The strike was long and difficult for workers. Frustrated, many advocated for violence to achieve their goals, but César and Dolores were determined that the movement remain non-violent. In the end, the table grape growers signed a contract that guaranteed better pay, benefits, and protections for farm workers. Dolores continued the work and helped pass the Agricultural Labor Relations Act of 1975. This law allowed farm workers to unionize and bargain for better wages and working conditions; another first in the US.
Si Se Pueda!
The UFW organized similar strikes in other farming areas. In 1972, the Arizona legislature passed a law to prevent farm workers from organizing and
striking, as they had done in California. Dolores and César went to Arizona to help fight this statute. Over and over, their challenge to locals to unite and fight was answered with “no se puede,” –No, it can’t be done. Finally, Dolores responded, “Si, si se puede!” (“Yes, yes, it can be done”), and this became the rallying cry for workers in Arizona. Later, Barack Obama used this phrase in his campaign for president. At first, he gave credit for the slogan to César Chávez, but later he apologized, and corrected this mistake in the ceremony where he presented Dolores with the Presidential Medal of Honor.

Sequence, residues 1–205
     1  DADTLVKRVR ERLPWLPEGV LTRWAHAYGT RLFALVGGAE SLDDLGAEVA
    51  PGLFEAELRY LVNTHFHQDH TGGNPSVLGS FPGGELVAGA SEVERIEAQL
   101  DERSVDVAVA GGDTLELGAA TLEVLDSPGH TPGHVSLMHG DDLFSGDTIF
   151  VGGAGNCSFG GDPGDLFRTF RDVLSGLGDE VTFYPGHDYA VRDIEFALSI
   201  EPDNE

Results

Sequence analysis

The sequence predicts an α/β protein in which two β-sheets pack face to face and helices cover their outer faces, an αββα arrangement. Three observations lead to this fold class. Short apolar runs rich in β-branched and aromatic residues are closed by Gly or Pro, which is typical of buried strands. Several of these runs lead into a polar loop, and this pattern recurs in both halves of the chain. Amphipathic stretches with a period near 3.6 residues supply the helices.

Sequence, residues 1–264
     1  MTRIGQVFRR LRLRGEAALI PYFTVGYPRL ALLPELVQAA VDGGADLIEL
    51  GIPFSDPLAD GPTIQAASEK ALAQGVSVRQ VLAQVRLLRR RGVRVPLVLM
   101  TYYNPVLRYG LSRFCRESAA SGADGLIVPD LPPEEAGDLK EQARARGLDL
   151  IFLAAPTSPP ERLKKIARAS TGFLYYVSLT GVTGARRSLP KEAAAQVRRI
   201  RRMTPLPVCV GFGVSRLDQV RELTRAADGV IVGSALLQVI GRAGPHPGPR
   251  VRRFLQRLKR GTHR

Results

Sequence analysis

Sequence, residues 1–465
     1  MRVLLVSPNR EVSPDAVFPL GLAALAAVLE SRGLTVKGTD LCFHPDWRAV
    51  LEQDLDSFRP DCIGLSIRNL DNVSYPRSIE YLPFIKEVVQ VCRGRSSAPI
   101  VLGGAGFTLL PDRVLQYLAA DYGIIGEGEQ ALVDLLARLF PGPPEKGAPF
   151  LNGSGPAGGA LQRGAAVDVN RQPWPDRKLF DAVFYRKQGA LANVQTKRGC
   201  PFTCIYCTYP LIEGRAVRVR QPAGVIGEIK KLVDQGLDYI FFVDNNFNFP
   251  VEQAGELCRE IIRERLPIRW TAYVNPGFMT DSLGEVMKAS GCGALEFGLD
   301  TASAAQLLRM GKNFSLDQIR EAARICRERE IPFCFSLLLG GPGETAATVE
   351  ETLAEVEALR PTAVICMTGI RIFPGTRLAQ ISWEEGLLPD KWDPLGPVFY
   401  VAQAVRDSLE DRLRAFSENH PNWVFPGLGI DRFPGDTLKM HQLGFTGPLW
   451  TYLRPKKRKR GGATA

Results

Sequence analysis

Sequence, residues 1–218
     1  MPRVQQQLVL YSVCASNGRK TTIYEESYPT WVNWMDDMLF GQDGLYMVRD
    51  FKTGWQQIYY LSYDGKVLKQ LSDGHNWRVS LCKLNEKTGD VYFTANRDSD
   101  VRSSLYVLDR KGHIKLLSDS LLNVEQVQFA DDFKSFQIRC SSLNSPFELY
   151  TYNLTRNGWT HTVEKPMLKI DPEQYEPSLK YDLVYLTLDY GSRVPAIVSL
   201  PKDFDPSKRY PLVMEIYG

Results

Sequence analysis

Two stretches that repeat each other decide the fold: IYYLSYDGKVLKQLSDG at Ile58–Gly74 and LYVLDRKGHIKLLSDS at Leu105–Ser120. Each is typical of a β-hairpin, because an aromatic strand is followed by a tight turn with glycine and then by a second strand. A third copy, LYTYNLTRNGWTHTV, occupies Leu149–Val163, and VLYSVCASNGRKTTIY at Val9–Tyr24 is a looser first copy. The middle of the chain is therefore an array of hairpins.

Dolores was constant, and outspoken in her fight for worker’s rights. She stood toe-to-toe with men, refusing to back down. Even though it was not her goal, she became an inspiration to women across the nation who were also fighting discrimination. During the grape boycott, Dolores met Gloria Steinem, and she found another kindred spirit. Moving forward, Dolores broadened her focus to address equal rights for women, along with worker’s rights.
The Work Never Ends
Dolores actively campaigned for people she believed would help her causes. A supporter of Robert Kennedy, when he was shot and killed in Los Angeles, she was only steps away. She fought against the use of pesticides that were poisoning farm workers. Most recently, she fought the Trump administration roll back of pesticide restrictions.
At age 90, Delores continues the work she started in her 20’s. Today her work is carried out through the Dolores Huerta Foundation, and non-profit with a mission to inspire and organize communities to build volunteer organizations empowered to pursue social justice.
Dolores seeks to plant seeds of activism in poor and working class communities by personally meeting with families in their homes to talk about the importance of voting and civic involvement. She believes that this approach, while labor intensive, will change the path of families for generations to come.
(add photo of migrant protester in DC)
A 2017 film titled Dolores: Rebel, Activist, Feminist, Mother, tells the story of her life and work.
My Take Away…
Discuss coming out from the shadows of men
See the Women’s Work Quilt
See Ida B Wells on Women’s Work in person. This quilt will debut as a featured work in the exhibit Women’s Voices, Women’s Votes, Women’s Rights, at the Clinton Presidential Library, in September 2021. Look for more details on the Events page of this website. Follow this blog for more stories of amazing women. Follow this link to see more of Lea’s Portrait Quilts.